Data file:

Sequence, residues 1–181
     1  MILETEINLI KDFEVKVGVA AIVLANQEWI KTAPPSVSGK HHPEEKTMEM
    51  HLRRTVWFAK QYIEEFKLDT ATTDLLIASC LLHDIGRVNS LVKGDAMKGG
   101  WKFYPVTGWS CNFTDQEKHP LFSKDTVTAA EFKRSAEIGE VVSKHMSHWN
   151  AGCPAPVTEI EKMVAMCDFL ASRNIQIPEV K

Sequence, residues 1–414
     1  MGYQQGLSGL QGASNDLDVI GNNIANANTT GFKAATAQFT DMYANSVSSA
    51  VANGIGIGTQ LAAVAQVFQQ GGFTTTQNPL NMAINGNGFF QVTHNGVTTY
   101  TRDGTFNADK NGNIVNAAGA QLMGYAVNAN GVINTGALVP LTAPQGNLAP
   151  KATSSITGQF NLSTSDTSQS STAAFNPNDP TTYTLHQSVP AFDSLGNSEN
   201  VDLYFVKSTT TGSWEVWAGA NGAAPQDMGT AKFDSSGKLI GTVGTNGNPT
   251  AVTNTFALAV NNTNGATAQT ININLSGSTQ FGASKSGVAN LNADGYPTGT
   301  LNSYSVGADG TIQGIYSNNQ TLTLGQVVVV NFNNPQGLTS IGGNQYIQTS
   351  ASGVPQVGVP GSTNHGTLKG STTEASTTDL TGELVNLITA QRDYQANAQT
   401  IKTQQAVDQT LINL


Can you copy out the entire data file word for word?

Sequence, residues 1–181
     1  MILETEINLI KDFEVKVGVA AIVLANQEWI KTAPPSVSGK HHPEEKTMEM
    51  HLRRTVWFAK QYIEEFKLDT ATTDLLIASC LLHDIGRVNS LVKGDAMKGG
   101  WKFYPVTGWS CNFTDQEKHP LFSKDTVTAA EFKRSAEIGE VVSKHMSHWN
   151  AGCPAPVTEI EKMVAMCDFL ASRNIQIPEV K

Sequence, residues 1–414
     1  MGYQQGLSGL QGASNDLDVI GNNIANANTT GFKAATAQFT DMYANSVSSA
    51  VANGIGIGTQ LAAVAQVFQQ GGFTTTQNPL NMAINGNGFF QVTHNGVTTY
   101  TRDGTFNADK NGNIVNAAGA QLMGYAVNAN GVINTGALVP LTAPQGNLAP
   151  KATSSITGQF NLSTSDTSQS STAAFNPNDP TTYTLHQSVP AFDSLGNSEN
   201  VDLYFVKSTT TGSWEVWAGA NGAAPQDMGT AKFDSSGKLI GTVGTNGNPT
   251  AVTNTFALAV NNTNGATAQT ININLSGSTQ FGASKSGVAN LNADGYPTGT
   301  LNSYSVGADG TIQGIYSNNQ TLTLGQVVVV NFNNPQGLTS IGGNQYIQTS
   351  ASGVPQVGVP GSTNHGTLKG STTEASTTDL TGELVNLITA QRDYQANAQT
   401  IKTQQAVDQT LINL